The outbreak of COVID-19 has had a huge impact on the way that we work and the way that we live, with social spaces such as pubs, restaurants, bars, gyms and cinemas being asked to close, and most of the population who are able to do so now working remotely.
In the equestrian world, all racing competitions and most of the springtime events have either been cancelled or postponed until further notice.
With the advice from the government being to abide by rules of maintaining social distance and avoiding contact with others, those of us who keep yards and stables may be unsure of how best to handle the current situation.
We’ve put together a short list of tips and advice on how to prepare yourself and your horse should you need to go into self-isolation, should you fall ill, or should a wider restriction on public movement be put into place by the government.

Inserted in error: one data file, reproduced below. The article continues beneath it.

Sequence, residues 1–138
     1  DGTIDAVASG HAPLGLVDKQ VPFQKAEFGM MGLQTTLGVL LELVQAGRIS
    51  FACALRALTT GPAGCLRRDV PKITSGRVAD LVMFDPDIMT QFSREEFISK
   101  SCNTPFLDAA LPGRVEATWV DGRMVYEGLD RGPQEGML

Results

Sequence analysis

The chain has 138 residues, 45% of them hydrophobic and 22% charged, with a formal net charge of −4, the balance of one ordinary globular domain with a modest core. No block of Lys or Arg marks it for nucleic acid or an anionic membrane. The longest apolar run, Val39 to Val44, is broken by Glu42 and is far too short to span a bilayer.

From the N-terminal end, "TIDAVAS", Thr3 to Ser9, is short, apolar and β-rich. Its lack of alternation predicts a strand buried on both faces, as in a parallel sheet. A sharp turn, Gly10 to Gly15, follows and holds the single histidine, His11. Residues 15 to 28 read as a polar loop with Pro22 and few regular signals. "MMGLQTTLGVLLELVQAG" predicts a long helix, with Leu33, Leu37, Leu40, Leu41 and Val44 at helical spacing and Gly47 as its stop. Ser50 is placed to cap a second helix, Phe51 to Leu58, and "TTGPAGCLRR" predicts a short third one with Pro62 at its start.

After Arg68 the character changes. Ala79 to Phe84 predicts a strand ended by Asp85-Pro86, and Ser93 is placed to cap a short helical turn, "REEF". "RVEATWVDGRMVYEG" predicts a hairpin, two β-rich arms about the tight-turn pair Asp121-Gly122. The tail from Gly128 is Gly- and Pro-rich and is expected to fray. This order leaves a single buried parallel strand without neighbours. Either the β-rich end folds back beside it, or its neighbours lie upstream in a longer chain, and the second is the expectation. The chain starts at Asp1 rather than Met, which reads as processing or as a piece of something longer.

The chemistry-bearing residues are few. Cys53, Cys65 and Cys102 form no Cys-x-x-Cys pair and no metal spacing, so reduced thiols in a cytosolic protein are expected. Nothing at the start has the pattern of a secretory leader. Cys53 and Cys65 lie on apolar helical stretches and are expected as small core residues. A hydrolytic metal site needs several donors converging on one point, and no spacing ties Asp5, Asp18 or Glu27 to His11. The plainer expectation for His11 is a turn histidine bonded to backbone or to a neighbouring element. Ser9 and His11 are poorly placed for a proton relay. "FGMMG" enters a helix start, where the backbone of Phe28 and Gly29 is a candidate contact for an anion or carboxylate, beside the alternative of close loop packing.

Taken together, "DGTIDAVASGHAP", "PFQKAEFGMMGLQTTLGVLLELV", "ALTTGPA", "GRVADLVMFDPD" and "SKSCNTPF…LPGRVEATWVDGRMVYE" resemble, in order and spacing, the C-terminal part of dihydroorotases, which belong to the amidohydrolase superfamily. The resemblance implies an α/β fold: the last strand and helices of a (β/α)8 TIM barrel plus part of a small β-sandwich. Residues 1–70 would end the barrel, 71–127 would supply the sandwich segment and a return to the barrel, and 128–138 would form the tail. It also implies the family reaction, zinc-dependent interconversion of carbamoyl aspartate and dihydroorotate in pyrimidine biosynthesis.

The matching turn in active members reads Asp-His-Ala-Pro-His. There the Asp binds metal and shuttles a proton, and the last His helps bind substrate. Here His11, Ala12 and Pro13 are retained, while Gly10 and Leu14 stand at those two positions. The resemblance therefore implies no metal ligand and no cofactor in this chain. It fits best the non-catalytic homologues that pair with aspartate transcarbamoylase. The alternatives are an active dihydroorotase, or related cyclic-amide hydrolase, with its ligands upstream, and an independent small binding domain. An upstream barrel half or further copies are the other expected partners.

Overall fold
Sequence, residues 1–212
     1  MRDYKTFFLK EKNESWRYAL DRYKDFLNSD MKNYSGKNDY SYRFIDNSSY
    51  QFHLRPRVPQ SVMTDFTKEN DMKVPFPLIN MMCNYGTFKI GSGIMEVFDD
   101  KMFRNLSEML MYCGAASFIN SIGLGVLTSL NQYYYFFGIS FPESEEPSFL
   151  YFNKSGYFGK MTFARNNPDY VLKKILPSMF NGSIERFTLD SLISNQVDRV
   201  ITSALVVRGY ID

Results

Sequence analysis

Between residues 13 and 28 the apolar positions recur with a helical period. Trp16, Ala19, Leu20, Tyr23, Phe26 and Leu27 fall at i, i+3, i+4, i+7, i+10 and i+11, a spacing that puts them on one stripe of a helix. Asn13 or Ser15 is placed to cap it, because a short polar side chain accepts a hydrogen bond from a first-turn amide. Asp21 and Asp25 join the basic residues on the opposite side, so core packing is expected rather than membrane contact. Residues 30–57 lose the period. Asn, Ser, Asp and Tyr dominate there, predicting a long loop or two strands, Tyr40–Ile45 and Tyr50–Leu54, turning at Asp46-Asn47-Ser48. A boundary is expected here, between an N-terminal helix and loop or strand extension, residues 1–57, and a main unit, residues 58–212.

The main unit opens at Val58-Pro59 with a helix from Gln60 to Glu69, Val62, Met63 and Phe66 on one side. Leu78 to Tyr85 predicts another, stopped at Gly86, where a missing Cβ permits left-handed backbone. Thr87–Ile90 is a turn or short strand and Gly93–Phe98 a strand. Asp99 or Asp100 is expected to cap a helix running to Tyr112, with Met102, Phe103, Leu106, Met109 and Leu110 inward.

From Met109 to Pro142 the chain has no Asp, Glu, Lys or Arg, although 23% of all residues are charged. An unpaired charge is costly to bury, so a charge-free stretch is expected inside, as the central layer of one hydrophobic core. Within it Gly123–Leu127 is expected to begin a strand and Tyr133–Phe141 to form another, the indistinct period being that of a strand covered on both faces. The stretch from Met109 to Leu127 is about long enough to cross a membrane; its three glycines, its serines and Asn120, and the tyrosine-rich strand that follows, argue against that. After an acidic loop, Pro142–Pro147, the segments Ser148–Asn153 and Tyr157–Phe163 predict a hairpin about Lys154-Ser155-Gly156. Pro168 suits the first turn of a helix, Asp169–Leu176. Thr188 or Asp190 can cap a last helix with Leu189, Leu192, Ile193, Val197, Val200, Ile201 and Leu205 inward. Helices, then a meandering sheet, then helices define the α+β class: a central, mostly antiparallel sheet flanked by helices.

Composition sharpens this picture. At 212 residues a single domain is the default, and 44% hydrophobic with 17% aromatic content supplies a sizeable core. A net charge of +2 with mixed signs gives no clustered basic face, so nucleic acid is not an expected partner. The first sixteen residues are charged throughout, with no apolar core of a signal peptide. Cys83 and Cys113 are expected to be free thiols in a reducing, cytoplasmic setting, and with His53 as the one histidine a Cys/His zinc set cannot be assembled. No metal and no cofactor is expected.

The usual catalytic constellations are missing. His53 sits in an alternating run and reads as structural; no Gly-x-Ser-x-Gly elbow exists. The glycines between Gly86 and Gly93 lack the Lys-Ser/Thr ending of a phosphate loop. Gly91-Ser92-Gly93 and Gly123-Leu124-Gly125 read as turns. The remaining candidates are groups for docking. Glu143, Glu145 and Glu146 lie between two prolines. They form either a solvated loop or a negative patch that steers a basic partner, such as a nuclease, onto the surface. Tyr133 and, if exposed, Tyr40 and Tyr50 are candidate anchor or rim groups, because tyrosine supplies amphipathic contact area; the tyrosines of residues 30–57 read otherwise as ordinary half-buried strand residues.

Follow NHS and Government Advice
The advice we’ve been provided with since the outbreak of the coronavirus has been to wash your hands as thoroughly and regularly as possible in order to limit the chance of the virus spreading through direct contact.
With this in mind, it’s important to ensure that hand washing facilities with antibacterial soap are made readily available in the yard and stables, if this isn’t already the case.
It’s also advisable to disinfect any shared yard equipment, such as wheelbarrows, hoses and mucking-out tools, with antibacterial or alcohol-based cleaning solution after use and between uses, to help prevent the spread of the virus.
Ask for help